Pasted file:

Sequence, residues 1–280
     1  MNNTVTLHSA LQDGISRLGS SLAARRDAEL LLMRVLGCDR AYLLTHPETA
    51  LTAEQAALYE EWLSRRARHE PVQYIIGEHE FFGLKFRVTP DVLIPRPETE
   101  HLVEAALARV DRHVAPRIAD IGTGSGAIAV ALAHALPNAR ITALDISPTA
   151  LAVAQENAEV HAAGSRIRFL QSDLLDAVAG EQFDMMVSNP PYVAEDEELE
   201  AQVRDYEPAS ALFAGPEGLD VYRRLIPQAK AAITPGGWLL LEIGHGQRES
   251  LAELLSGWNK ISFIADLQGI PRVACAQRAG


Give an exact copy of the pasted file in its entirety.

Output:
Sequence, residues 1–280
     1  MNNTVTLHSA LQDGISRLGS SLAARRDAEL LLMRVLGCDR AYLLTHPETA
    51  LTAEQAALYE EWLSRRARHE PVQYIIGEHE FFGLKFRVTP DVLIPRPETE
   101  HLVEAALARV DRHVAPRIAD IGTGSGAIAV ALAHALPNAR ITALDISPTA
   151  LAVAQENAEV HAAGSRIRFL QSDLLDAVAG EQFDMMVSNP PYVAEDEELE
   201  AQVRDYEPAS ALFAGPEGLD VYRRLIPQAK AAITPGGWLL LEIGHGQRES
   251  LAELLSGWNK ISFIADLQGI PRVACAQRAG